Another good plant gone wrong is cotonester  lacteus (parneyi). The red fall berries are spread by birds and with their rapid growth and competitive roots they can overtake the garden and wild areas. Fortunately there are many other plants to use instead that provide food for birds and are beautiful, too. Try planting toyon (Heteromeles arbutifolia) a California native with delicate white flowers and large clusters of brilliant red berries. Pineapple guava is another good substitute as is strawberry tree (Arbutus unedo).

These are just some of the suggested alternatives for invasive garden plants for this area. Don't give an invasive an inch; it can take over your garden, the neighbors and our wild lands.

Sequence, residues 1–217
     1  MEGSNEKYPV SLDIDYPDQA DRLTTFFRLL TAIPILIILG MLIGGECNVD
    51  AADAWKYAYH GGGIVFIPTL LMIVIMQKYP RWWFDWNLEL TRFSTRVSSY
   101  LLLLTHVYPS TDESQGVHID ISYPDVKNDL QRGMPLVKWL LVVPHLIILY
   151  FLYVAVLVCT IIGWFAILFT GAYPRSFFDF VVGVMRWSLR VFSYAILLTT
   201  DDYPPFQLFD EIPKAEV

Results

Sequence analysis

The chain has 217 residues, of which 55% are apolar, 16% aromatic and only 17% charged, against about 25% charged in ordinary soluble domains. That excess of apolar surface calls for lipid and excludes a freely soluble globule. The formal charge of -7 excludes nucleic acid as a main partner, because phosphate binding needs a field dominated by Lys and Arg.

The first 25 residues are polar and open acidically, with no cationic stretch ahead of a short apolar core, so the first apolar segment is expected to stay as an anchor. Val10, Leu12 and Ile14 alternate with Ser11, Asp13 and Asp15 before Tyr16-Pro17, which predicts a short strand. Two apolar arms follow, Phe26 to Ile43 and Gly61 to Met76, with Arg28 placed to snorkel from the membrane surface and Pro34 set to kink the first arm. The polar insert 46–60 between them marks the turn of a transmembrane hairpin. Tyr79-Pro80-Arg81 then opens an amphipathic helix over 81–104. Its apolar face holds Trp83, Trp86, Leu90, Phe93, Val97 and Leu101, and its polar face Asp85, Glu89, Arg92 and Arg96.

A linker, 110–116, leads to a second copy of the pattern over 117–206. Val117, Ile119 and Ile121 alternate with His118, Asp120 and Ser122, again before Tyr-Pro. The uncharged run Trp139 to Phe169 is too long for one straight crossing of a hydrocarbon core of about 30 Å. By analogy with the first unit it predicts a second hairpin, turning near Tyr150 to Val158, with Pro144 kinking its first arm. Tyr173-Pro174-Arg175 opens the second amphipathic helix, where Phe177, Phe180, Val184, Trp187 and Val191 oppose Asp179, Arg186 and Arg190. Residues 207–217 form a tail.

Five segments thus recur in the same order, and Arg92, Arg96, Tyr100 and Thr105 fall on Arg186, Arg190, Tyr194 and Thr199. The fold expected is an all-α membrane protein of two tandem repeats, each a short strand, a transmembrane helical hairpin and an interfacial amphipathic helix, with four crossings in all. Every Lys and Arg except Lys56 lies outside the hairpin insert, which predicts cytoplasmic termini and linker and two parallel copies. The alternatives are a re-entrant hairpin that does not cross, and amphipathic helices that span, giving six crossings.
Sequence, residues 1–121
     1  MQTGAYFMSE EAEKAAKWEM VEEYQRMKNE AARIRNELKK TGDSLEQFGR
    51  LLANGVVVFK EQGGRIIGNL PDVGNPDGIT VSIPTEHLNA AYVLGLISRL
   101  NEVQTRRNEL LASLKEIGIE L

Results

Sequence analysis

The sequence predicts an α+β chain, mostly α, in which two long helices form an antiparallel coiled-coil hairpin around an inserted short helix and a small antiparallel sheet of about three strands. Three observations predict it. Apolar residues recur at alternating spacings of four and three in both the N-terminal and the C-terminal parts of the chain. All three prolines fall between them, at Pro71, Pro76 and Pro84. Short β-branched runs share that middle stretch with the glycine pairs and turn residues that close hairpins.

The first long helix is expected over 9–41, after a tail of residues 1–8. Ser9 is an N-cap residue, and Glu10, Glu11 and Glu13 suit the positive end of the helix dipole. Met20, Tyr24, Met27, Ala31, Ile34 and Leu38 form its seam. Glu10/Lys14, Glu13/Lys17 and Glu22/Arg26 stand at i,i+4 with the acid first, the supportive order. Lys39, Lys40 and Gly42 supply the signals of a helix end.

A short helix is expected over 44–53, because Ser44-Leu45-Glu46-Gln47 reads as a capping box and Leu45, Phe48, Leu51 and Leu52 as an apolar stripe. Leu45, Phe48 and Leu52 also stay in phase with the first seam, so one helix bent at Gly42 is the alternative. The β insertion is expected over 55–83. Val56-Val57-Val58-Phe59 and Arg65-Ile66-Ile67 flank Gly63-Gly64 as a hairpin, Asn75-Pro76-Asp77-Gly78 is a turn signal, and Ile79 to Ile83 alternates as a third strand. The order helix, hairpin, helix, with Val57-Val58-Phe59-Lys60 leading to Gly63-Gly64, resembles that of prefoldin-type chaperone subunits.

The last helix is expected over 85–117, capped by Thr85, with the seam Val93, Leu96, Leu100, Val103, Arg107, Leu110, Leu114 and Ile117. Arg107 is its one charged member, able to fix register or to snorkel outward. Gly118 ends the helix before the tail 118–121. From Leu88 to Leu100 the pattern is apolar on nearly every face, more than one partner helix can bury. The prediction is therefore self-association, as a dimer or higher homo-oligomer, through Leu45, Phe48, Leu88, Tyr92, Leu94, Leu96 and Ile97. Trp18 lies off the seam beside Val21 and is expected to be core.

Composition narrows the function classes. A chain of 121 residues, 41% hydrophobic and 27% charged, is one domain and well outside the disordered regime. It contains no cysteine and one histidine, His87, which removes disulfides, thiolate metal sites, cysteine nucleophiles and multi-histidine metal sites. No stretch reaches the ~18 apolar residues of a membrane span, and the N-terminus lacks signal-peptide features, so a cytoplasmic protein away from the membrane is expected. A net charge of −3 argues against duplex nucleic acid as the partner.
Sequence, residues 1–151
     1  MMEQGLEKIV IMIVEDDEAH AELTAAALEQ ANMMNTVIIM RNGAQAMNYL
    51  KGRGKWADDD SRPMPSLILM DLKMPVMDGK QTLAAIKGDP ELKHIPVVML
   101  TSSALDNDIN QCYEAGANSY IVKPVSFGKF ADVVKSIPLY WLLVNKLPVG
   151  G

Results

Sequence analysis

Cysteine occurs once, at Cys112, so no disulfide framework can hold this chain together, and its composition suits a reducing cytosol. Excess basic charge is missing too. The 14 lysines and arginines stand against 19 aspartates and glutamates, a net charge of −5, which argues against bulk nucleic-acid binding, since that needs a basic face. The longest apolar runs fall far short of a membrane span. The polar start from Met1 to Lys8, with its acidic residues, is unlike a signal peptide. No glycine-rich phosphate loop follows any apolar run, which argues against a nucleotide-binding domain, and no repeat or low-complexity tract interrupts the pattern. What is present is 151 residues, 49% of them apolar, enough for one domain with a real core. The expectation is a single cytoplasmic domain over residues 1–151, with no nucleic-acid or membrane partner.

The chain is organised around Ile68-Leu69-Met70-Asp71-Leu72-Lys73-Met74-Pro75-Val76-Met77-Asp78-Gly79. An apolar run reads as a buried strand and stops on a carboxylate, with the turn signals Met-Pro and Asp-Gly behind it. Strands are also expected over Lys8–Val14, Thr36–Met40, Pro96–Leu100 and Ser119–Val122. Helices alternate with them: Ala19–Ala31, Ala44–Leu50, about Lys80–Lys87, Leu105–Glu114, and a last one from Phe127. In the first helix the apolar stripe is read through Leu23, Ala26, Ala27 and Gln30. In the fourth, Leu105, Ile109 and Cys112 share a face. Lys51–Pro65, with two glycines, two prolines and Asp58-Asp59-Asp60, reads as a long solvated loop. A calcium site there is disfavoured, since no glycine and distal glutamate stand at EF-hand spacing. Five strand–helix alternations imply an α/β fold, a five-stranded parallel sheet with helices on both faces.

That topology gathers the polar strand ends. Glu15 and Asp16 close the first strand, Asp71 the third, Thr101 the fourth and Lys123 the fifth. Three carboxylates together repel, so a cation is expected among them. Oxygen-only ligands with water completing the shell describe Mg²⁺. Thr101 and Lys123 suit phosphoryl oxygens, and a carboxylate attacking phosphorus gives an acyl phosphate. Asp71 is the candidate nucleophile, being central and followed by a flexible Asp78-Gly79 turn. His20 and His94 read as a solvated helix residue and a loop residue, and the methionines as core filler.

- Jan Nelson, a landscape designer and California certified nursery professional, will answer questions about gardening in the Santa Cruz Mountains. E-mail her at janis001@aol.com, or visit www.jannelsonlandscapedesign.com to view past columns and pictures.

Comments
(3)
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Theryl
|
June 26, 2013
Wow, this is by far the best Press-Banner garden article in a while. Ivy, Himalayan Blackberry, and Periwinkle are so incredibly invasive and most definitely need to be addressed.

Along the rail side of E. Zayante Rd you can see remnants of houses because someone decided to plant ivy or periwinkle. 50 years later there is no sign of a house save a small concrete foundation, but the invasive plants thrive and continue on.

My parcel is full of Ivy and Blackberry and I have spend years trying to nurse the natives back to life. Man what a chore! Please give more tips!!
JHA
|
June 11, 2013
How do I get rid if the blackberries?
Jan, TMG
|
June 11, 2013
Same way as vinca. Labor intensive and more thorns but the process if essentially the same.